Drawing Rectangles - Simple Animation


There are three rectangle drawing functions provided by the operating system:

Rectangles, as defined in the class rectangle, are upright rectangles. A rectangle consists of the two points - denoted by A and B within the class. When unit::pixel is in effect, A is the upper-left corner of the rectangle and B is the lower-right corner of the rectangle. Different unit modes and values for the corners may alter this.

Random Rectangle - Peeking and Reading Messages from the Queue

The program of this section demonstrates a simple form of animating graphics. A "still shot" of the output of the program is shown below.

The program is "animated". Displaying an animated diagram is not as simple as using a for loop whilst processing the message message::paint. Proceeding in that manner would cause the program to 'hang' in the drawing process, rendering it incapable of responding to other messages (such as message::size or message::close). Typically, when animating graphics, timers are used. However, rather than use a timer, this program alters the message loop - as shown in the code fragment below. This yields animation based on the performance of the computer rather than restrict the animation to periodic intervals.

for(;;)
 {
  if (peek_message(&queue_message,null,0,0,peek::remove))
   {
    if (queue_message.message == message::quit) break;
    translate_message(&queue_message);
    dispatch_message(&queue_message);
   }
  else
   DrawRandomRectangle(window_handle);
 }

Message Loops

The above logic consists of an infinite for loop used to peek at messages. In a normal message loop, messages are read rather than being peeked. A 'normal' C message loop is shown below.

queue queue_message;
while (get_message(&queue_message))
 {
  translate_message(&queue_message);
  dispatch_message(&queue_message);
 }

When a message is read, the operating system does not return until a message is available. That is, the calling thread is blocked until a message is received. The default values for the parameters of get_message ensure that no message identity filtering and no window handle filtering takes place. The normal message loop is exited upon receiving the message message::quit. Neither peeking nor reading removes paint messages from the queue. The only way to do that is to call one of the functions:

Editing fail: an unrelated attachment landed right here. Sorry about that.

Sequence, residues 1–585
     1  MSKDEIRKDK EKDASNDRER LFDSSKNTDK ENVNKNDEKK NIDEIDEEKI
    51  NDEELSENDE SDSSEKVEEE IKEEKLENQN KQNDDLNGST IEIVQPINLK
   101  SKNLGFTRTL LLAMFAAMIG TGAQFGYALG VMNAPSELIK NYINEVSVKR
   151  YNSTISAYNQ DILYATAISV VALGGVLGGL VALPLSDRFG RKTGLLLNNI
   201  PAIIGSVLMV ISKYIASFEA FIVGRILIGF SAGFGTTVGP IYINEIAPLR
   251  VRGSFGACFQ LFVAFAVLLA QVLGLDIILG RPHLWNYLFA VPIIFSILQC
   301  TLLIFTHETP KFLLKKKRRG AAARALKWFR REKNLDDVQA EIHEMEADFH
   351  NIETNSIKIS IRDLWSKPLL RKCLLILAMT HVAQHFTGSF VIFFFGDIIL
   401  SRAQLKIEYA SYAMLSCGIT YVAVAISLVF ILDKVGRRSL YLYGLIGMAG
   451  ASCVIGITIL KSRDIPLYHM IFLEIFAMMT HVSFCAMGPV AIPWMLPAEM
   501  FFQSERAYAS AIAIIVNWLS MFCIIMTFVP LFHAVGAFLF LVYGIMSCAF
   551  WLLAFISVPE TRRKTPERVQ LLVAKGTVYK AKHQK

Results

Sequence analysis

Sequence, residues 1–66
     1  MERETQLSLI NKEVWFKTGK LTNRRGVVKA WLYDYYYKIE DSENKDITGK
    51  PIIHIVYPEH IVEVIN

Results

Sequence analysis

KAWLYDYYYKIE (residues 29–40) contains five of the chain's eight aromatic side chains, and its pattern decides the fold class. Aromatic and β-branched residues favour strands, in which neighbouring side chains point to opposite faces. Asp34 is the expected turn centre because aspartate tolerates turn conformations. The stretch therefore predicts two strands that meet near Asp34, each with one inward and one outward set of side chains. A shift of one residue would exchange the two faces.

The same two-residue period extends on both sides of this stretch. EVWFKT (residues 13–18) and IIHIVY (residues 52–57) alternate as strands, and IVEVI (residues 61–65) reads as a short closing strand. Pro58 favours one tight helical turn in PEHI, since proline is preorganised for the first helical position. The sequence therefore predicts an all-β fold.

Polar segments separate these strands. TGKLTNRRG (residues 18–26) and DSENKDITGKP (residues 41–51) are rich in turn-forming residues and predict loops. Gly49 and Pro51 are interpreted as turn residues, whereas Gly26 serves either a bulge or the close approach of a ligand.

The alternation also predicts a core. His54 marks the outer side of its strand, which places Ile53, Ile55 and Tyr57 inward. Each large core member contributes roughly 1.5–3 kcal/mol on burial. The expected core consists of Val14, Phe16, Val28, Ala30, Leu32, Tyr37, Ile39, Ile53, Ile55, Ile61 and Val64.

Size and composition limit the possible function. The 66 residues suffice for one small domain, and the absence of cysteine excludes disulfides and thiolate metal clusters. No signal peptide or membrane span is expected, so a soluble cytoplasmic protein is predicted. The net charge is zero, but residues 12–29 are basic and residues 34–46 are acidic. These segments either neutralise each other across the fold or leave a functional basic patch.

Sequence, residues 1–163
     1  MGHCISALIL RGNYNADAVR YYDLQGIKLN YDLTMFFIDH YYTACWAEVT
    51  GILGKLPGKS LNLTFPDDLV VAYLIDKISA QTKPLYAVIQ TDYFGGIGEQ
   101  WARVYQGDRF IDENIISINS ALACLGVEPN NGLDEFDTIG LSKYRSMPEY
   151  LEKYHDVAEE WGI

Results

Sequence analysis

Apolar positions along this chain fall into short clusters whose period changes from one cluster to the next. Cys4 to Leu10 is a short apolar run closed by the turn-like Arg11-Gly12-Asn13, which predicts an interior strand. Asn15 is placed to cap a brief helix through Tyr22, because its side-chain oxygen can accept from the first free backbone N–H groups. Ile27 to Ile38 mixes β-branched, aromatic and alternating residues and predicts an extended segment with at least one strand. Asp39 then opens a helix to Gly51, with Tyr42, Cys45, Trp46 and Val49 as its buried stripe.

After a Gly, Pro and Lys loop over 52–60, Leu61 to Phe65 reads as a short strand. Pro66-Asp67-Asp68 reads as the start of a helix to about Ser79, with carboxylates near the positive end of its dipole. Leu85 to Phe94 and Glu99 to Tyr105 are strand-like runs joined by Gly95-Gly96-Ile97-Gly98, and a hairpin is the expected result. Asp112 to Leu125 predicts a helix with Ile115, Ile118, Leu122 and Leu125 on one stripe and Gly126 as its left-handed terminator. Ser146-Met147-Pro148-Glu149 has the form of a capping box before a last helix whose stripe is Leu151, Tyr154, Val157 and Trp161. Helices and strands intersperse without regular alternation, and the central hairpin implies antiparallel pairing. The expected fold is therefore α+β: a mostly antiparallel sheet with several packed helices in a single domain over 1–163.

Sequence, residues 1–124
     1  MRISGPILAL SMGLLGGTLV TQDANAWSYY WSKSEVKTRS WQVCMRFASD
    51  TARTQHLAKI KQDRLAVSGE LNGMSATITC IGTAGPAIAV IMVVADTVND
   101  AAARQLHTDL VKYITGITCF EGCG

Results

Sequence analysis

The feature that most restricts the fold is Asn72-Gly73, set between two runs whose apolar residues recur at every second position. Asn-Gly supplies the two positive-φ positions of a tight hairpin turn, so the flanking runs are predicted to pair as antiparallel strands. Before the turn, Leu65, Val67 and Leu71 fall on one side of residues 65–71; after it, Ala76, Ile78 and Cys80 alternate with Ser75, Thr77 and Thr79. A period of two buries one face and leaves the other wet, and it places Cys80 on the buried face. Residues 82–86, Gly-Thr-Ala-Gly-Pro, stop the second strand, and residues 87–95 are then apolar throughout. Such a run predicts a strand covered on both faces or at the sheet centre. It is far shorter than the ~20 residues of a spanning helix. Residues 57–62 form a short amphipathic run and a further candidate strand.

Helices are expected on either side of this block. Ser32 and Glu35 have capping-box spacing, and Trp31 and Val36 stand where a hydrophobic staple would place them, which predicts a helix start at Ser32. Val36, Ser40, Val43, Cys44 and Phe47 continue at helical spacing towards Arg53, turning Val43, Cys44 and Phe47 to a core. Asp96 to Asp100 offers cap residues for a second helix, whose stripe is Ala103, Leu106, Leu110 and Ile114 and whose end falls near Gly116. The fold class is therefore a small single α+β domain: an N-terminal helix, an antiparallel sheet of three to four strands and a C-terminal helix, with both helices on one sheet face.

Peeking is capable of removing messages or leaving them in the queue - depending upon the options in effect. For the program at hand, when no message is available, a random rectangle is drawn. This yields drawing at the maximum rate - that is, whenever the queue is empty and clock cycles are available. When a message is available, if it is message::quit, a break statement is used to break the infinite for loop and end the program; otherwise, the message is translated and dispatched as normal.

The code used to draw a random rectangle is shown below.

void draw_random_rectangle(handle window_handle)
{
 if (width_of_client==0 || height_of_client==0) return;

 rectangle draw_rectangle(rand() % width_of_client,
                          rand() % height_of_client,
                          rand() % width_of_client,
                          rand() % height_of_client);

 handle brush_handle = create_solid_brush(red_green_blue(rand() % 256,
                                                         rand() % 256,
                                                         rand() % 256));

 handle device_context = get_device_context(window_handle);

 fill_rectangle(device_context,&draw_rectangle,brush_handle);

 release_device_context(window_handle,device_context);

 delete_object(brush_handle);
}

The C runtime function rand (short for random) is used to randomize the width and height of the rectangle to be drawn. Similarly, rand is used to randomize the red, green and blue values of the brush used to draw the rectangle. Note that the client window procedure does not even intercept the paint message.